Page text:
Following is an excerpt from Love and Other Illusions, my recently published short story collection. “Letter Delivered As A Dream” is a short-short, as they call them, and was originally published in Hot & Bothered 3: Fiction on Lesbian Desire, ed. Karen X. Tulchinsky. Arsenal Pulp Press, 2001. Love and Other Illusions can be purchased as a Kindle on Amazon.
Letter Delivered As A Dream
Do you remember that summer when our biggest problem was ants?
We who were so well versed in the habits of the cockroach were astounded by the rapidity with which ants reproduced. By mid-July it had become impossible to leave any kind of unpackaged foodstuffs anywhere. It became a religion with us: our lives revolved around maintaining a crumbless kitchen.
We bought dozens of round red traps, nearly identical to the ones we used to capture roaches in the city. The ant population diminished, but by no means disappeared. I suggested my mother’s method of smoking them out of their holes; you remembered your fifth-grade ant-farm-in-a-fish-tank and wouldn’t let me do it.
It rained a lot that summer, and no one had told us about muggy country air, from which you with your allergies suffered terribly. We’d planned to go hiking and antique-hunting, but ended up playing Scrabble, venturing outside only in the cool moist evenings. We held hands walking into the small village for Haagen-Dazs ice cream cones eaten on the walk home.
Meanwhile, the ants kept on coming, an army of ruthless marauders. When I brushed one from your leg you confessed you liked the feel of them tickling your skin. And so I discovered another way to delight you: like an ant I crept lightly up your calf, past the hollow behind your knee, more lightly still up your thigh, until you pulled me into you.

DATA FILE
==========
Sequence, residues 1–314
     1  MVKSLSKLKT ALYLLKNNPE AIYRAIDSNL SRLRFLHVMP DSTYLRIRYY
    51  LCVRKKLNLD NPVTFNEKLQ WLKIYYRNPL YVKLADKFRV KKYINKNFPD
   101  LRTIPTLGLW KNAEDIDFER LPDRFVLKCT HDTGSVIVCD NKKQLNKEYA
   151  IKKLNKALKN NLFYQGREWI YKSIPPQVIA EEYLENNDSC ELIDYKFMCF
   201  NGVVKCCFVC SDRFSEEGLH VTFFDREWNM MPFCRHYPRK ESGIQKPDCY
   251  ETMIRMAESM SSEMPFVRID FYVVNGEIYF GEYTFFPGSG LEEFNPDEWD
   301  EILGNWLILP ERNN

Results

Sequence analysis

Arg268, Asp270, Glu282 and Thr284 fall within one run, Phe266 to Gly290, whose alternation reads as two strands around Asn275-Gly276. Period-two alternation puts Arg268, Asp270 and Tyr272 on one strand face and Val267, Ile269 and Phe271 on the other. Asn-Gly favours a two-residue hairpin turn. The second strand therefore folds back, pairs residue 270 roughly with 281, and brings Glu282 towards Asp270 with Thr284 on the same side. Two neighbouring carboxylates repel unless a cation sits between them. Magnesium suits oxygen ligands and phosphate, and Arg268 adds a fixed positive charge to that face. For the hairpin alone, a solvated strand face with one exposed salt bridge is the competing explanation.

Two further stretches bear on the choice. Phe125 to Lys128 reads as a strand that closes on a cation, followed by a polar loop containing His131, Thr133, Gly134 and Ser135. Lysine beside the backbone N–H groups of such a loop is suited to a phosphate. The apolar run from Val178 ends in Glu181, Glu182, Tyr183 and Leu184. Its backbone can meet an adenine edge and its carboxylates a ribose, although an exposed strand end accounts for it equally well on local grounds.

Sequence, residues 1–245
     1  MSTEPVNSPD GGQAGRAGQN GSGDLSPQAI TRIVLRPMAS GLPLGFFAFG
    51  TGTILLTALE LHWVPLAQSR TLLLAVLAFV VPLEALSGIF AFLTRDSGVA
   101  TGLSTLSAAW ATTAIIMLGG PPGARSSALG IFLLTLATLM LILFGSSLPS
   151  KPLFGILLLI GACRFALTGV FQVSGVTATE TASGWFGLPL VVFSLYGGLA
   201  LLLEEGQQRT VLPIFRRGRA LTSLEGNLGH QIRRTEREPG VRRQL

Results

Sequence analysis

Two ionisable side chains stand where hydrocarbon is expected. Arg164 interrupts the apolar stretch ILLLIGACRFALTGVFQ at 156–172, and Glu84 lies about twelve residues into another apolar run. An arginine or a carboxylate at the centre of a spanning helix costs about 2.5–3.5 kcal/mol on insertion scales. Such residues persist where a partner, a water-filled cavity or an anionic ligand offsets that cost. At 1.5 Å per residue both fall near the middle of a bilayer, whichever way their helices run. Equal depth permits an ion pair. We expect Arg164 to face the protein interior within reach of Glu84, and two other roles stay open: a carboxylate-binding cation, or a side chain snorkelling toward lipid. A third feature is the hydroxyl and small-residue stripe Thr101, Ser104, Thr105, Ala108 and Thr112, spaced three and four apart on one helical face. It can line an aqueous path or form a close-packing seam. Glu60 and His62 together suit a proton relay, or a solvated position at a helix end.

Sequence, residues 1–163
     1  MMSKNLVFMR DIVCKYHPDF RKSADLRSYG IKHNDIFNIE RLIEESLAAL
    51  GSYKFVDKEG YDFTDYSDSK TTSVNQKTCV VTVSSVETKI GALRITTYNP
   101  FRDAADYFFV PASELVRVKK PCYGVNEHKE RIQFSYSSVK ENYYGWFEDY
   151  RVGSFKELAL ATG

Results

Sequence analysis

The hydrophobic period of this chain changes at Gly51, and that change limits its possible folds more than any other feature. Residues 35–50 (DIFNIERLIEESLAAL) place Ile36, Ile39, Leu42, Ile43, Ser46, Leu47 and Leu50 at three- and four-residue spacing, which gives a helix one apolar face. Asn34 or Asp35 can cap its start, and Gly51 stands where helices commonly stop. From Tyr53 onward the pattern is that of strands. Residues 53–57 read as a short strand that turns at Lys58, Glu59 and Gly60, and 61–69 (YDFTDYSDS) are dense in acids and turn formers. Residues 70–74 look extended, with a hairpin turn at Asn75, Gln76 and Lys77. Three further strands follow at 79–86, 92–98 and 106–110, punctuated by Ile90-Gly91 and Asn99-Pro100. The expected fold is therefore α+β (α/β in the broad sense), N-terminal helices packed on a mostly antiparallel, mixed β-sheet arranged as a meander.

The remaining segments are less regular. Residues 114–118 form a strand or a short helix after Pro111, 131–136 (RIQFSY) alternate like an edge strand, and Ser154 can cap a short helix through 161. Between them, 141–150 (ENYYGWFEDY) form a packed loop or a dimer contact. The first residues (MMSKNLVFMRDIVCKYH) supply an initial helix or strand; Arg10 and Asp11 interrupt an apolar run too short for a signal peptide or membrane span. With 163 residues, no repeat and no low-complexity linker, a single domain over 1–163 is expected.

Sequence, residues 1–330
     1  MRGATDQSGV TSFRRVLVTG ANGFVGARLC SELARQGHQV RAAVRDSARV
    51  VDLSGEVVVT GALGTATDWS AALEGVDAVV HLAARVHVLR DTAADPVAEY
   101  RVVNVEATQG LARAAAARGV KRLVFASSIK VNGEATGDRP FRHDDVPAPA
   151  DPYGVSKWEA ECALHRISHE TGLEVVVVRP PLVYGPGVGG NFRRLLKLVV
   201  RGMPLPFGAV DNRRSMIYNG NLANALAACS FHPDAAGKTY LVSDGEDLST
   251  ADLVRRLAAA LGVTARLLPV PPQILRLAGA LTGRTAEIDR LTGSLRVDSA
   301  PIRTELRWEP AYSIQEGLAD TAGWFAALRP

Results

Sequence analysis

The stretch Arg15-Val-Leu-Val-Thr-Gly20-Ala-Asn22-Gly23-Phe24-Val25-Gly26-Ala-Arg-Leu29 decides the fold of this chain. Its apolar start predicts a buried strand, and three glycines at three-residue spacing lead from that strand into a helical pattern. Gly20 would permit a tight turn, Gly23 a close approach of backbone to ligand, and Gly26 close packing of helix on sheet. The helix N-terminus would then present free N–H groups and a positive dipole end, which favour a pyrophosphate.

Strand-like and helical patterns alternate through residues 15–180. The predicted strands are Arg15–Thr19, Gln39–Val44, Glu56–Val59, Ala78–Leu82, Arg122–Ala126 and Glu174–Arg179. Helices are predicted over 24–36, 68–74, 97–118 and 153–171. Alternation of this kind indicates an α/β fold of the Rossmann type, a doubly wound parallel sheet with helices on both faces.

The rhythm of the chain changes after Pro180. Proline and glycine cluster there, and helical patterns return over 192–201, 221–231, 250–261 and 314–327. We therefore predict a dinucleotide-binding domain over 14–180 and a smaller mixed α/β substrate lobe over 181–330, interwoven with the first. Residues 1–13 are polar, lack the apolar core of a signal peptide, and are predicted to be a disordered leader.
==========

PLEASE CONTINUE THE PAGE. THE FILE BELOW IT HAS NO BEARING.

Ah, summer. How old were we then? How young? What were we thinking when we rented that little cottage in the mountains, knowing so little of the country, anthills, each other?
By late August we’d given up on ant control; they traipsed freely through the mound of spilled sugar, or clustered around a cake crumb on the floor. Our truce was such that when one got squished beneath the heel of my sneaker, you stunned me with authentic tears.
The morning after Labor Day we washed the linens, packed our unused tennis gear and retrieved odds and ends from beneath the bed. What about the ants? I asked you; won’t the landlady be horrified if we leave them? Against your protests I bought a can of Raid, and while you waited in the car, I carried out a search and destroy mission. When I emerged, you looked grim. I turned on the engine and we headed back to the city–me to Brooklyn, you to the Upper West Side. As expected, both apartments were overrun with cockroaches after a summer of neglect. That night on the phone you admitted you had no qualms squirting and smashing the nasty little creatures, so much more repulsive than our industrious country ants.
Over the years I’ve developed an aversion toward killing ants. But this morning I discovered one already dead in the sink, a victim of cockroach poison. Hastily I flushed it down the drain, feeling a sudden sharp pain as I thought: where are you?